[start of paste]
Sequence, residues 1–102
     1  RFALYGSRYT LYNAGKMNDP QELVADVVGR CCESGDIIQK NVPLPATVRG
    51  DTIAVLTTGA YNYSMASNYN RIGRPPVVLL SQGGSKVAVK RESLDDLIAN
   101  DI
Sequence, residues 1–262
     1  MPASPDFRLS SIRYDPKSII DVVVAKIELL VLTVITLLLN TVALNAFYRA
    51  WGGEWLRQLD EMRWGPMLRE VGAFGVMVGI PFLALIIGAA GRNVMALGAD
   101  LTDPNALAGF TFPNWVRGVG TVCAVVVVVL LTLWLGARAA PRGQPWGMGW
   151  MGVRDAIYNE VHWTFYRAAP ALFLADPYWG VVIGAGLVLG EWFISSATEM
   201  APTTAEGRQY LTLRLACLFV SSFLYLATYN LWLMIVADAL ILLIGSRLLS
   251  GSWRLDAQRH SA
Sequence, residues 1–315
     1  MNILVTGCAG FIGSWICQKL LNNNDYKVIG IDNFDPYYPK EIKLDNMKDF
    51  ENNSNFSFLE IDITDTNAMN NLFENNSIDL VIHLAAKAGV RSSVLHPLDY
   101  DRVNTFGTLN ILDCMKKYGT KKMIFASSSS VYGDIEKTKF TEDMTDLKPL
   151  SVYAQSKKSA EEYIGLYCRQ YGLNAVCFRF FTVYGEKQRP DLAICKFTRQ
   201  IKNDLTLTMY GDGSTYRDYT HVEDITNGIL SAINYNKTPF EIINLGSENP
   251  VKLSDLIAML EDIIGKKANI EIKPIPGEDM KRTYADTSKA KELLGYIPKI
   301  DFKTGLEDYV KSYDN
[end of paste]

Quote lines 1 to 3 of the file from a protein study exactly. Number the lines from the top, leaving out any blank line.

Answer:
Sequence, residues 1–102
     1  RFALYGSRYT LYNAGKMNDP QELVADVVGR CCESGDIIQK NVPLPATVRG
    51  DTIAVLTTGA YNYSMASNYN RIGRPPVVLL SQGGSKVAVK RESLDDLIAN